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whats wrong with my very simple circuit?

Discussion in 'General Electronics Chat' started by allaccess, Sep 11, 2017.

  1. allaccess

    allaccess New Member

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    I figured out my own answer: the input to the LED circuit is connected to the wrong side of the capacitor. When I moved it to the positive side, the LED flashed, well.
    I made the two following circuits, separately, each of which worked great.
    The first is a 1-transister oscillator, which worked great. I reduced the ohms of the resister to 470 until it produced
    clicks at about 2Hz:
    [​IMG]
    The second is simply using a transistor as a switch. (I found the circuit on web.):
    It also worked, meaning that the LED lit up as expected.
    [​IMG]

    However, when 1) made sure they had common ground,
    and then 2) hooked the Vin of the second circuit
    to the positive side of the speaker, the LED failed to flash,
    even though the speaker continued to produce 2Hz clicks:
    upload_2017-9-11_14-4-43.png

    Any suggestions?
    My goal was to do exactly what I tried: to make a very simple oscillator
    that drove a separate LED (not to make a all-in-one LED flasher).

    Thanks,
    allaccess

    P.S. My apologies for the double-post. It was only after having posted to "General Electronics Chat" that I realized "Electronics Projects Design/Ideas/Reviews" was more appropriate. I would have deleted the original but I can't find any delete post option.

    I tried the suggestion of changing R(b) to a 50K pot, and ran it through its' whole range, but to no avail.

    Also, how do I contact a moderator? I would like to ask Jim B to remove the locked duplicate thread;
    how do I delete my own thread?
    thanks
     

    Attached Files:

    Last edited: Sep 14, 2017 at 9:39 AM
  2. dknguyen

    dknguyen Well-Known Member

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    When the left transistor is in avalanche and the cap is discharging, the B-E junction if being driven with the wrong polarity. So it's going to click during this time but the LED isn't going to light up.

    When the cap is charging it won't be clicking, but ...a bit of current should be flowing into the base...so not sure why it's not lighting up then. Did you just try reducing the 50kohm resistance? It could simply be that it's too high when combined with the impedance of the 10uF cap.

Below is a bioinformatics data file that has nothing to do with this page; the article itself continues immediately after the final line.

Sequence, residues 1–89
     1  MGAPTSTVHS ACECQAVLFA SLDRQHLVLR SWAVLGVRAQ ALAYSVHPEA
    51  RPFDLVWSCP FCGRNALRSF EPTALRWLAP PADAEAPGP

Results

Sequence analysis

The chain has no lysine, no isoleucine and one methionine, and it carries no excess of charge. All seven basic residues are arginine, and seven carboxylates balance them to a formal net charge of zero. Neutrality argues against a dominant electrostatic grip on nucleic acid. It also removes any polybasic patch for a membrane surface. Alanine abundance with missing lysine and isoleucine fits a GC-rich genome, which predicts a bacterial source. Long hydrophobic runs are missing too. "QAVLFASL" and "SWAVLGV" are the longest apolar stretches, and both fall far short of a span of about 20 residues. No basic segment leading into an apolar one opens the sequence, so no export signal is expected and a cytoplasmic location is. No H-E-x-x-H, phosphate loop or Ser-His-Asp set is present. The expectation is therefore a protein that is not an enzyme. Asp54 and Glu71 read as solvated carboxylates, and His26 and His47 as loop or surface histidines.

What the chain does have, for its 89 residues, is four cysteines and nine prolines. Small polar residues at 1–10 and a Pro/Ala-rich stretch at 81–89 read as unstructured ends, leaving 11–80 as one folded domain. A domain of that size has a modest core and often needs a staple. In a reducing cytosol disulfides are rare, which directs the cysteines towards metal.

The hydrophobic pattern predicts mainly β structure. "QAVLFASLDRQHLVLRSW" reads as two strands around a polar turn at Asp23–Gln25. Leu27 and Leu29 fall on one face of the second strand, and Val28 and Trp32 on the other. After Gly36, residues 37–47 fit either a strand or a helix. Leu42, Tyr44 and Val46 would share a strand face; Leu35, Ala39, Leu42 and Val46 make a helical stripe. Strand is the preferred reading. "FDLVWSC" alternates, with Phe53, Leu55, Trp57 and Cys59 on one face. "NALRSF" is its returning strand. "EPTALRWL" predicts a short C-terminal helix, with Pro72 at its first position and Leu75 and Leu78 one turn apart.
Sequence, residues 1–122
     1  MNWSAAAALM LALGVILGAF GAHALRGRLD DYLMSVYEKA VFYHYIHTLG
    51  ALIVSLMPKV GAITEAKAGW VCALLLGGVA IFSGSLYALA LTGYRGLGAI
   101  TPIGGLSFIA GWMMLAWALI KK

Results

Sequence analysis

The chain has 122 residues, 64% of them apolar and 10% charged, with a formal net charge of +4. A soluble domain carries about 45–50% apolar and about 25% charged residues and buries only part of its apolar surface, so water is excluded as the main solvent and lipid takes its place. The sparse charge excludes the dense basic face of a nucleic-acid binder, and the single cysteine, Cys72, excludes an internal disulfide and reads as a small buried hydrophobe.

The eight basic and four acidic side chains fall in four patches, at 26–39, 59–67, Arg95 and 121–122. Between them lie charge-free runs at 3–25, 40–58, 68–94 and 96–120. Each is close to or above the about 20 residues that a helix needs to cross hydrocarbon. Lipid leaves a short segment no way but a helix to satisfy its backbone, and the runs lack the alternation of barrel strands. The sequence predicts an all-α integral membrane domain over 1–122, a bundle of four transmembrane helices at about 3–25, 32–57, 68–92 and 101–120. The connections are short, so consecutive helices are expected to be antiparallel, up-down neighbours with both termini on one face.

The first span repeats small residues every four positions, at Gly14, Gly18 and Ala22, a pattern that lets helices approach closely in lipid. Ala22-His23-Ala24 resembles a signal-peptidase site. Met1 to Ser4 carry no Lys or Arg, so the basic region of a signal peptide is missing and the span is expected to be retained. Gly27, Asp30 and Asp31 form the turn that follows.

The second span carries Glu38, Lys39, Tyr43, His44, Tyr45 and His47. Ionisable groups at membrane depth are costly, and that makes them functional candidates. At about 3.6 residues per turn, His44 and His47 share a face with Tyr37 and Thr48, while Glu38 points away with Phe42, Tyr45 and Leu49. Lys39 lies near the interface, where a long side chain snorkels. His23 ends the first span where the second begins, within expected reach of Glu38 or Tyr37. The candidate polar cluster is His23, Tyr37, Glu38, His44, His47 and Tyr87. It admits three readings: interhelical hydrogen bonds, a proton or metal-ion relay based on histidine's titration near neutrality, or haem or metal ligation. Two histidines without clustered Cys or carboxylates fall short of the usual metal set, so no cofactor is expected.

DISCLAIMER: I'm horrible with oscillator circuits.
     
    Last edited: Sep 11, 2017
  3. DerStrom8

    DerStrom8 Super Moderator Most Helpful Member

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    You can always ask a moderator to move the thread for you.

    Where did you put the LED? How did you have it connected, and did you have a series resistor?

    My guess is the base current is not high enough to really turn on the output transistor. Try using a 24k base resistor instead of a 50k.
     
  4. dave

    Dave New Member

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  5. davenn

    davenn Active Member

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    see the circuit ;)


    agreed and I would consider going even lots lower ... 1k to 4k7

    Dave
     
  6. DerStrom8

    DerStrom8 Super Moderator Most Helpful Member

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    The circuit didn't exist in the original question when I asked :p

    This would depend on the expected Vce, collector current, and gain of the transistor. The 24k resistor value was calculated based on conservative estimates of these parameters. Lower values may work and not destroy the driver, but I'd start higher and work my way down.
     
  7. dknguyen

    dknguyen Well-Known Member

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    You would need an oscilloscope or something similar to check this, but perhaps the LED is actually turning on but the required current levels to turn the LED on once every half second are not lasting long enough for you to be able to register with your eyes.

    Have you tried looking at in the dark to see if you can see ANYTHING at all?

    Also, it's good you update things in your initial post to more completely ask your question, but if you're responding to a suggestion someone said, please do it in the thread and quote who you are responding to so we know you are actually talking to us.
     

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